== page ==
< Browse more articles

Federal Transport Minister Marc Garneau responded this month to concerns raised by the OWMA about the potential for increased incidents of drug-impairment in the workplace and behind the wheel once Marijuana is legalized.

His response, on Feb. 2, 2017, notes that the legalization of cannabis will have a “significant impact on driving” and that the Canadian government is “examining ways to reduce those impacts” before legislation is tabled this year to clear the way for the legalized use and sale of Marijuana across the country.

The Task Force on Marijuana Legalization and Regulation, which was chaired by former deputy prime minister Anne McLellan, released the results of its report in December last year to provide the federal government with more than 80 recommendations related to the legalization of Marijuana. (Take a look at the CBC’s summary of the report for a good overview.)

Unfortunately, Garneau says, the results “do not appear to address cannabis use and issues related to employment,” adding that “more details may be forthcoming when the federal legislation is presented and the provinces and territories develop their regulatory frameworks.”

There are, however, several efforts being undertaken at the federal level to address the issue of drug-impaired driving.

Drug impaired driving

First, Private Member’s Bill S-230, The Drug Impaired Driving Detection Act, has been passed through the Senate and is now making its way through the legislative process in the House of Commons.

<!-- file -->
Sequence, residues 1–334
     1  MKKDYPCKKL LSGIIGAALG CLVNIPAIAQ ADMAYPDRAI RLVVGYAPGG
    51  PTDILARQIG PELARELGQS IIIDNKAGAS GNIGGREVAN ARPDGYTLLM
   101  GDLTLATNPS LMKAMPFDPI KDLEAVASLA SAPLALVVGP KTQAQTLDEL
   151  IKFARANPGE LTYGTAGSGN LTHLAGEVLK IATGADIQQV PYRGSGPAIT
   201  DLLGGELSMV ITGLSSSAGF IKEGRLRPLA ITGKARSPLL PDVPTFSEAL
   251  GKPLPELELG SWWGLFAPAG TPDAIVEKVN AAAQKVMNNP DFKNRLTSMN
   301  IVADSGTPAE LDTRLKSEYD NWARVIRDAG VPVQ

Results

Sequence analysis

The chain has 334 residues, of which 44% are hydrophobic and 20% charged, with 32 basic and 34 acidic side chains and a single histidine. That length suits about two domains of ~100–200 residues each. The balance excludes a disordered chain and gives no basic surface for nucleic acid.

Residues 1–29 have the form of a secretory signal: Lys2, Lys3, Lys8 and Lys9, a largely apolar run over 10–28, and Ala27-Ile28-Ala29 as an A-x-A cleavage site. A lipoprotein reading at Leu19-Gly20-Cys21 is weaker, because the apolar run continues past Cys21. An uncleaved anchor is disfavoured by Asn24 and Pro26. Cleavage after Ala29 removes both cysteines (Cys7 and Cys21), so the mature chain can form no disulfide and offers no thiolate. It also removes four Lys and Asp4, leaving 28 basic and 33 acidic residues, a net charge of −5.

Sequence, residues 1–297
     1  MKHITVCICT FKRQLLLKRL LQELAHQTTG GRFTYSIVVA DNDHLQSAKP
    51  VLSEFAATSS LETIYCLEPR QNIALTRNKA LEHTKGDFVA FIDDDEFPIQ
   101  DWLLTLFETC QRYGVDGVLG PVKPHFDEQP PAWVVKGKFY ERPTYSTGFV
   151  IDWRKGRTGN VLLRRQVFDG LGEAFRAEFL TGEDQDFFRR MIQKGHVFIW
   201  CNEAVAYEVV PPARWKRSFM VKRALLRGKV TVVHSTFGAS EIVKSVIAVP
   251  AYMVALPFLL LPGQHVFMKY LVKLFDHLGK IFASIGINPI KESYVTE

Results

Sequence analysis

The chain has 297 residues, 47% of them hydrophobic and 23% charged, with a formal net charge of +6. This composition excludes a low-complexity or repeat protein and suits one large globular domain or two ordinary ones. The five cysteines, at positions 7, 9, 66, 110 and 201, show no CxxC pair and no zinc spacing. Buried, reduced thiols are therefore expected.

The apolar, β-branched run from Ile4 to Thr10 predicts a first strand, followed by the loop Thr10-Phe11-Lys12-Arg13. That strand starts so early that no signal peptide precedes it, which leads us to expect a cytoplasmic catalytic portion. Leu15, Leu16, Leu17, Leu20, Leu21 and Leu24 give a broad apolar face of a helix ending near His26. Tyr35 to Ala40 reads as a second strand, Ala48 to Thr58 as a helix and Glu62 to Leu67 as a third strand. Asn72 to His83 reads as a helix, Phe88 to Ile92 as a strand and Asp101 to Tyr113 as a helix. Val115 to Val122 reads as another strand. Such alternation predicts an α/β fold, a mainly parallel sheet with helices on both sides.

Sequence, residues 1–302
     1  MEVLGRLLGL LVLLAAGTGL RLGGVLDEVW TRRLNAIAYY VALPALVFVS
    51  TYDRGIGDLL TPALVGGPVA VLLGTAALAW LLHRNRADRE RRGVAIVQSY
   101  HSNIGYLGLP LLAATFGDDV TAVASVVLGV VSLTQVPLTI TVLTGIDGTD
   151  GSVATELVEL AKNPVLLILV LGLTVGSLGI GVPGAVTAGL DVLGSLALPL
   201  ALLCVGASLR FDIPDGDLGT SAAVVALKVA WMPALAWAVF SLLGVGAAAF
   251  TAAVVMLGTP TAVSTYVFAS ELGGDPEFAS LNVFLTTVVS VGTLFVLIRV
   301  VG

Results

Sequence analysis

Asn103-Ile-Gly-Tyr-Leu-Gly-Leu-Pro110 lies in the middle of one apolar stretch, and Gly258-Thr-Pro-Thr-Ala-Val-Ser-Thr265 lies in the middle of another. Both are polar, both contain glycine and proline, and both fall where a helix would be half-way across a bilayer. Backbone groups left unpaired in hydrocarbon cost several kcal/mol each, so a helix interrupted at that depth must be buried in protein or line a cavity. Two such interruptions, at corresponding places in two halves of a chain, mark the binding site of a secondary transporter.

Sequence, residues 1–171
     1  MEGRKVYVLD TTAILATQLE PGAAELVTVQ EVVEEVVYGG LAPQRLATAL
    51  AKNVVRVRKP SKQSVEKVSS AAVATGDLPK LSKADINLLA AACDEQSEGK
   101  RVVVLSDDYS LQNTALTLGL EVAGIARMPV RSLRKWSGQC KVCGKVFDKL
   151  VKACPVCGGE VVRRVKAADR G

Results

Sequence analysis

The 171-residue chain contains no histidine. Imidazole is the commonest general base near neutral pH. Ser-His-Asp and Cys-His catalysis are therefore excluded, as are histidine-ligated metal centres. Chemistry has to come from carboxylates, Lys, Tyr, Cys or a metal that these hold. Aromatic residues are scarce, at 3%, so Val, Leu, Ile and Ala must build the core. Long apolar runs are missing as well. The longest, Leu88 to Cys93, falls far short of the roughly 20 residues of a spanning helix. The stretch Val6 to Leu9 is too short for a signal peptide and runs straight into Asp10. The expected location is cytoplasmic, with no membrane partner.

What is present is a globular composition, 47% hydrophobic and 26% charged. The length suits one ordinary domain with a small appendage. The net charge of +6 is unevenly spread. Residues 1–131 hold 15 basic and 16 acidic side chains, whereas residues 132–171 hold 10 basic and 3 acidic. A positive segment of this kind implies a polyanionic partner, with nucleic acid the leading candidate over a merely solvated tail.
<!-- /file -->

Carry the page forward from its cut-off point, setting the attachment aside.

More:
Second, Minister Garneau reported that the Drugs and Driving Committee of the Canadian Society of Forensic Science is studying the accuracy of roadside testing devices for drug impairment, as well as approval standards for testing devices to be used by police officers.

Third, the federal, provincial and territorial governments are working together on a road safety strategy called “Towards Zero: The safest roads in the world.” This strategy also includes a Drug Driving Strategy that broadly addresses the issue of drug-impaired driving.

Fourth, Garneau says “changes to the Criminal Code are being considered by the Coordinating Committee of Senior Justice Officials, which comprises members from Justice Canada, Transport Canada, Public Safety Canada and the provincial and territorial governments.”

Although the Criminal Code is the responsibility of the federal government, provinces and territories can move forward with “administrative sanctions” on their own, which could include roadside suspensions for impaired drivers.

The OWMA will continue to work with policymakers to ensure that employers’ concerns about the potential for an increase in employee drug-impairment at work and on the road are properly addressed.  For more information on this issue, please contact Director of Policy Peter Hargreave at phargreave@owma.org.